Human rights watchdog accused of ‘race omission’ in detention deaths report


The equality and human rights watchdog has been accused of failing to use a major inquiry to address concerns over the “non-natural” deaths of black men and women with mental health conditions in detention.

The campaigning organisation Black Mental Health UK (BMH UK) spoke out following the publication of an Equality and Human Rights Commission (EHRC) report into the deaths of people with mental health conditions who had been detained in psychiatric hospitals, police cells, and prison.

The report concluded that serious flaws within the mental health and criminal justice systems were responsible for the non-natural deaths of hundreds of service-users in detention.

But the 73-page report made only fleeting references to the issue of race, even though campaigners have been calling for more than 30 years for action to address the preventable deaths of black men in custody.

Apart from four mentions of the campaigning role of the human rights organisation Black Mental Health UK, the report only uses the word “black” once, and includes just nine mentions of “ethnic minority/minorities” or “ethnicity” and three of “race”.

When the commission launched its inquiry last June, Matilda MacAttram, director of BMH UK, said there was a need for EHRC to carry out “a thorough and objective scrutiny of the factors driving the disproportionate numbers of black people subject to detention under the Mental Health Act, as well as the lethal levels of force that have been used against this group, which have led to far too many high-profile preventable fatalities”.

She added: “The issue of the treatment of people in relation to race and ethnicity needs to be prioritised in this inquiry if it is to bring about the wholesale transformative change that is needed in many of the practices that take place in these settings.”

Only a few months earlier, in a Commons debate in December 2013, Conservative MP Charles Walker had spoken of being invited by MacAttram to attend a “gruelling” conference on deaths in custody, at which “many relatives of the deceased bore witness to their treatment at the hands of the state and of authorities that we should trust”.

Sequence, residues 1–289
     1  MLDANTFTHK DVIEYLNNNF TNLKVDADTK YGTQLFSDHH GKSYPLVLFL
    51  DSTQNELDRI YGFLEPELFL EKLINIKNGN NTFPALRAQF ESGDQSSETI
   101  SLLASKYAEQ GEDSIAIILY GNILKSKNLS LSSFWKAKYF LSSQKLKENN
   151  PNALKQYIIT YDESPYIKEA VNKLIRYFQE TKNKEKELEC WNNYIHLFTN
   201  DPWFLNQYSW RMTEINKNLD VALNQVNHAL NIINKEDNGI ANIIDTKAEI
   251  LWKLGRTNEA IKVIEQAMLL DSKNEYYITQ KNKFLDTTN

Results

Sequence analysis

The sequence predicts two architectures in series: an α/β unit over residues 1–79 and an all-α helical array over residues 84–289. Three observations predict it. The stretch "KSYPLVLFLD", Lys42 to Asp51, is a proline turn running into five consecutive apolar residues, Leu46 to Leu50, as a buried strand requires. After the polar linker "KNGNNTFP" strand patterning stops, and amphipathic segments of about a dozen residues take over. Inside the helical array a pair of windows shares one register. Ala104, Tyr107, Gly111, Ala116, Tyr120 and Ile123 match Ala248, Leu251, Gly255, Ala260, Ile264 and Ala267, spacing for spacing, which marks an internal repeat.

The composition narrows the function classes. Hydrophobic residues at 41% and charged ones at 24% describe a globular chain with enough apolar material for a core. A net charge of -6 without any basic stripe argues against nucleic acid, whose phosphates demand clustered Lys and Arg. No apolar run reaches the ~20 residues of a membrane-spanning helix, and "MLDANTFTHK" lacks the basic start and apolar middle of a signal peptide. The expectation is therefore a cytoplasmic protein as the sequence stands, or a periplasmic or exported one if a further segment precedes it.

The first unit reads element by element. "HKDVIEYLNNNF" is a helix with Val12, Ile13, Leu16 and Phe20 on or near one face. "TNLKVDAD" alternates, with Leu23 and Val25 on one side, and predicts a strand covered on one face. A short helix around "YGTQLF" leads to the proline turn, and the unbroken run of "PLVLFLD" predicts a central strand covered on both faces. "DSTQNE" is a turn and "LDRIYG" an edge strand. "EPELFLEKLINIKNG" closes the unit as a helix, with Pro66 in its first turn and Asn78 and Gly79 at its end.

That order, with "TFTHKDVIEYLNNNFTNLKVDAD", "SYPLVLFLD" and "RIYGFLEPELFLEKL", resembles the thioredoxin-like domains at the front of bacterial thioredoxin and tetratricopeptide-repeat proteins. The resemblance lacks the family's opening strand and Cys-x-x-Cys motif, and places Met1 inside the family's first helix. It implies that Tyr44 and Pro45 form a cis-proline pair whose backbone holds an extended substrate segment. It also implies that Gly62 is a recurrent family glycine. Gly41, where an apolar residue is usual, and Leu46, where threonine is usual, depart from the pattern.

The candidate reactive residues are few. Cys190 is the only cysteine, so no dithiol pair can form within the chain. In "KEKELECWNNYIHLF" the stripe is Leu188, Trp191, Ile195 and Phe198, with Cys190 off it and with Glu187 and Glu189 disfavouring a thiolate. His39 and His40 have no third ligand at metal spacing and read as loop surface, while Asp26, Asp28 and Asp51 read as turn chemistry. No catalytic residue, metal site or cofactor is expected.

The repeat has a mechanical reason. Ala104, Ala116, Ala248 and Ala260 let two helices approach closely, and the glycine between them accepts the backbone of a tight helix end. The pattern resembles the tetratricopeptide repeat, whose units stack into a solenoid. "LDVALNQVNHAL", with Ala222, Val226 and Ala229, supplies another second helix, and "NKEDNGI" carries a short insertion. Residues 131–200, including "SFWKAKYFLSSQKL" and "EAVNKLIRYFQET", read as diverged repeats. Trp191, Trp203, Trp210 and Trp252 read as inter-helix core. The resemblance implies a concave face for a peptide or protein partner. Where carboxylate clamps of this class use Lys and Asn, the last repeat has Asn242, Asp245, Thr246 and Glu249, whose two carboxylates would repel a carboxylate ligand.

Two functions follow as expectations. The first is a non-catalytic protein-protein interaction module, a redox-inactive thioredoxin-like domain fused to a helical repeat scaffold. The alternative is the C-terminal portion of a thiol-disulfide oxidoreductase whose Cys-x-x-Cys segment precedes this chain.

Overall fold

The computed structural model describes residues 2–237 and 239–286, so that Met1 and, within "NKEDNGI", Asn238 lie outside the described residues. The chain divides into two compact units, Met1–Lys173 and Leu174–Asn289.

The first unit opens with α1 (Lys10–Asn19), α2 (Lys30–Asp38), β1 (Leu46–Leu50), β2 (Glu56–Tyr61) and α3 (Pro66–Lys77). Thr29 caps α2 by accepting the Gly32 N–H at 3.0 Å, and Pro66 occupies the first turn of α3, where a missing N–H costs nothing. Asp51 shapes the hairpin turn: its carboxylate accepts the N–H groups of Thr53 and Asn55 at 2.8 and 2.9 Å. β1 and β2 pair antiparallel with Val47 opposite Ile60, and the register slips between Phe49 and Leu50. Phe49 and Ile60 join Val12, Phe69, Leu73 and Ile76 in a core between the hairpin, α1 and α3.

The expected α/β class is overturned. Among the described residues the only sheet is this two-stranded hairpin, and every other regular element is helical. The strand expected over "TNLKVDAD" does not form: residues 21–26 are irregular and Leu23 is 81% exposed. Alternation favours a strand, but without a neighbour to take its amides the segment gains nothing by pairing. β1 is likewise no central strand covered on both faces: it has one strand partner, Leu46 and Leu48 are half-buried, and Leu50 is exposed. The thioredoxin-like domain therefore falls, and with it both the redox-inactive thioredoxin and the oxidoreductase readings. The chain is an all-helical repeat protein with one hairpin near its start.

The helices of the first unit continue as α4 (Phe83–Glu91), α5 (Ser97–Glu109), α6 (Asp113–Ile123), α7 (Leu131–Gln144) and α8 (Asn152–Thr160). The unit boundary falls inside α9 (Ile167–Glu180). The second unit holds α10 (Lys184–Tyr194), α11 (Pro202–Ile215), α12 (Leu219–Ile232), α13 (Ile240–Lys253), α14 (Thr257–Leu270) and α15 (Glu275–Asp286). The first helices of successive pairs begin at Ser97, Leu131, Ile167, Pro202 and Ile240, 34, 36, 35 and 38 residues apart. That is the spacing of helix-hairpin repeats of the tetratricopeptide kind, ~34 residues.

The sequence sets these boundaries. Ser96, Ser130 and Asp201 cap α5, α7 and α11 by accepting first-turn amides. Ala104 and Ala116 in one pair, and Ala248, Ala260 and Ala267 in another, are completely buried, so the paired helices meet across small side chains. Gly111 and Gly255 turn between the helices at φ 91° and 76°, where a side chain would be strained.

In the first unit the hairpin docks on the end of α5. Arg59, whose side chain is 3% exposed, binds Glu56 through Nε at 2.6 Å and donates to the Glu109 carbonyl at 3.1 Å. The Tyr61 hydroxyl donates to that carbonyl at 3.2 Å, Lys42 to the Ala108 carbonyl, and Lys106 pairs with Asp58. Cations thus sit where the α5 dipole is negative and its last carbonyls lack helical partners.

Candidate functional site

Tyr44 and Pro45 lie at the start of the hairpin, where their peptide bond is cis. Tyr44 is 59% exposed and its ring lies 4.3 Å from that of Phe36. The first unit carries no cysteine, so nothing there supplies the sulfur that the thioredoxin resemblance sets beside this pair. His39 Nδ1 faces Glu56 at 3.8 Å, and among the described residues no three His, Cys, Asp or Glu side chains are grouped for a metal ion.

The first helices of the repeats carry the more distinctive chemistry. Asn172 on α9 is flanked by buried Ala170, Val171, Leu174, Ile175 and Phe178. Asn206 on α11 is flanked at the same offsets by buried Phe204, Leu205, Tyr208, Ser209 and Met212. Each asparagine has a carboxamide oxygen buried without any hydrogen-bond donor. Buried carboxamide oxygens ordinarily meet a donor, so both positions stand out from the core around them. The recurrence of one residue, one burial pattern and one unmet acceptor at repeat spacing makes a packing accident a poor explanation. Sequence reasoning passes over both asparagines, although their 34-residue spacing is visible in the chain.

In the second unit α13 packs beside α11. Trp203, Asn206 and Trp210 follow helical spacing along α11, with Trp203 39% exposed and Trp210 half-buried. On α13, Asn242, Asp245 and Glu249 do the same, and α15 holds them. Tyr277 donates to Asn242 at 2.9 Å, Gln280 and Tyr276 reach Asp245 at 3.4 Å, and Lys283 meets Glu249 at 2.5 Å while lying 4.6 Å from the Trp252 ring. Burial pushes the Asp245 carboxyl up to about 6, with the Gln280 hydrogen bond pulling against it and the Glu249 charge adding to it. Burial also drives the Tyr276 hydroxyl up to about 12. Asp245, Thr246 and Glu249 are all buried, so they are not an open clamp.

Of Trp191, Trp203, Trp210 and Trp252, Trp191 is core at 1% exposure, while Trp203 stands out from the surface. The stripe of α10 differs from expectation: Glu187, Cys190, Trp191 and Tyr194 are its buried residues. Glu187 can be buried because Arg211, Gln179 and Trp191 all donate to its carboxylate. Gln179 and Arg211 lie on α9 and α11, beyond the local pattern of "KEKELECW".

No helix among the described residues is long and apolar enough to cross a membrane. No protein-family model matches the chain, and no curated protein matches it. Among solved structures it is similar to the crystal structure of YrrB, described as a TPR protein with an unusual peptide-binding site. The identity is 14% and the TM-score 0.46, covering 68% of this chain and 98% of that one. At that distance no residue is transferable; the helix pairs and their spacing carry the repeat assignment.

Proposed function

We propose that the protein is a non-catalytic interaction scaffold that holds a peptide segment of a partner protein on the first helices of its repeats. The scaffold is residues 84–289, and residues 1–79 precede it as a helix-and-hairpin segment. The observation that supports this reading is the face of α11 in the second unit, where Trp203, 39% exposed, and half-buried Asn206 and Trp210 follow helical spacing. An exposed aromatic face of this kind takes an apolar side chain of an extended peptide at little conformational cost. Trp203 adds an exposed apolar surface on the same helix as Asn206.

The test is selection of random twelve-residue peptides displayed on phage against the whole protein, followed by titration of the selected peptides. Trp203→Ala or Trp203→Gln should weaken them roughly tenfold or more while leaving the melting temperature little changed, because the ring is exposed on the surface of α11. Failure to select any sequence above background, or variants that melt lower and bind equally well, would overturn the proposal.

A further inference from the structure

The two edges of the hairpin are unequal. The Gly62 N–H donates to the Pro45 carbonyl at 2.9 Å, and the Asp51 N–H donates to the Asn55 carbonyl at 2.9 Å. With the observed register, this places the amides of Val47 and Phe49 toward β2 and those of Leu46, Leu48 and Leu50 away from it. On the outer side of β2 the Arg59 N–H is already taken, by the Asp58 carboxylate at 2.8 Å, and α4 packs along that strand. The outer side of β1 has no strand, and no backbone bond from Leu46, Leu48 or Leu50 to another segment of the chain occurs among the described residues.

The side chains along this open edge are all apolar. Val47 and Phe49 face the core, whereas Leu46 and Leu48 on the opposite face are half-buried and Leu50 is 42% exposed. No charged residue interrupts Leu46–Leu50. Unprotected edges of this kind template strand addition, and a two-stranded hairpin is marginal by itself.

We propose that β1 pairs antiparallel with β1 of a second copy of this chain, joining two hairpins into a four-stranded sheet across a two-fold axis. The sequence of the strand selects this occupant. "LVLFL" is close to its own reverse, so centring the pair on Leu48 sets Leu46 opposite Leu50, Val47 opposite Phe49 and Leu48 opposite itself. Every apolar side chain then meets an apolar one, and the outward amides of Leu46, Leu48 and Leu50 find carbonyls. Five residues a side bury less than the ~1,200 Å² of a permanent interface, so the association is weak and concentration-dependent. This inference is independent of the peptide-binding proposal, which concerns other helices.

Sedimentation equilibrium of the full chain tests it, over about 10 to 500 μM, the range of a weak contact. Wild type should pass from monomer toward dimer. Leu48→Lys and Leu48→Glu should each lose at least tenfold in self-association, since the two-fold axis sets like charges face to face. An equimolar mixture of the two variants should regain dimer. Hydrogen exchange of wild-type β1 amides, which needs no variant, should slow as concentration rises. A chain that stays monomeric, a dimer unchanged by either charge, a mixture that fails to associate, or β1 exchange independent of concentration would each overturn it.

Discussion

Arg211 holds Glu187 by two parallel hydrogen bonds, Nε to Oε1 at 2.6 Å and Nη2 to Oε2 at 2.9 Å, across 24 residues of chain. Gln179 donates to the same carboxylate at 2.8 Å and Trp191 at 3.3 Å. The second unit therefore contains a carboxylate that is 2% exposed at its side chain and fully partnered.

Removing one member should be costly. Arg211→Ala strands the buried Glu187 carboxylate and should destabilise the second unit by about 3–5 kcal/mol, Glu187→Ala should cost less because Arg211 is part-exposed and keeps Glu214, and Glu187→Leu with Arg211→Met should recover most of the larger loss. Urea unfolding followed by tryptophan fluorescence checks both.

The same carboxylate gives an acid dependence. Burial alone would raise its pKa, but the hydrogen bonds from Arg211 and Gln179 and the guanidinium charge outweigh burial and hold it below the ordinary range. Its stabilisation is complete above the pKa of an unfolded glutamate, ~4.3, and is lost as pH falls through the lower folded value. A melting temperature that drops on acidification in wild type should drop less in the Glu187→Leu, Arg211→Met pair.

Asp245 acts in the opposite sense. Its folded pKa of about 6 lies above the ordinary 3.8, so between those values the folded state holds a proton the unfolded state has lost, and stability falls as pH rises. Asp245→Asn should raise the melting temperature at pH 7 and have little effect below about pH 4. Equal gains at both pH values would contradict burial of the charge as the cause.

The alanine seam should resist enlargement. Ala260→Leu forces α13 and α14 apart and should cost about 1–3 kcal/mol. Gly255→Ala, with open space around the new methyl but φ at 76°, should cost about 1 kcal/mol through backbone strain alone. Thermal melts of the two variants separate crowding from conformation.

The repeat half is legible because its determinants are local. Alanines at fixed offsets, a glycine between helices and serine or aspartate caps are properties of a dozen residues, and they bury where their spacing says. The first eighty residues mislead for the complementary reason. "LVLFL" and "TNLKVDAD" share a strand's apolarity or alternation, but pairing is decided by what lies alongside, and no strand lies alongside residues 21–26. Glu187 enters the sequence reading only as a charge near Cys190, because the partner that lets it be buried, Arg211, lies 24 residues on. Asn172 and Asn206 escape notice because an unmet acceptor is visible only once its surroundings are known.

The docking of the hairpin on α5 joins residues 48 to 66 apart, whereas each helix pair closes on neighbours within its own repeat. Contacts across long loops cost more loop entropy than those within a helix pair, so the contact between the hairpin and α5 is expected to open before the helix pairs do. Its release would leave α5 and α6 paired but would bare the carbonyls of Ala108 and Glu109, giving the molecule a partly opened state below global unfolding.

MacAttram believes that that debate helped persuade the commission to launch the inquiry last June.

But she said the inquiry’s failure to place any focus on the deaths of black adults “could be seen as avoiding an issue that urgently needs to be addressed” when the “most disturbing fatalities are among this group”.

And she questioned whether EHRC’s decision to sideline the issue was “any different from the [failings of the]institutions that perpetrated [the deaths]in the first place”.

She said: “People we are consulting with are burying their children, so this is not something we can stay silent on… we can’t afford for it to be a cosmetic exercise.

“Given the genesis of this work, the omission of an acknowledgement of the need to prioritise the levels of coercion and lethal force used against those over-represented in the system is a concern.”

MacAttram said that, although the figures used by the inquiry did not show a disproportionate number of black people among the deaths in detention examined by EHRC, part of the reason could be that “some of the deaths of people in the system are considered to be natural deaths when the community do not believe they were”.

A spokesman for the commission said the inquiry was “not specifically conducted as a result of concerns around the deaths of BME [black and minority ethnic]people in custody”.

He said: “Many leading organisations working on mental health issues have welcomed the analysis by the commission’s inquiry and our recommendations to improve the care of all detainees with serious mental health conditions.

“While every preventable death in custody is tragic, the commission’s inquiry found that there was no disproportionality in the number of avoidable deaths of people from BME communities within the period covered by the inquiry.

“BME people are disproportionately represented in the mental health system and detention more generally and have longstanding concerns about this issue, which the commission agrees needs to be properly addressed.” 

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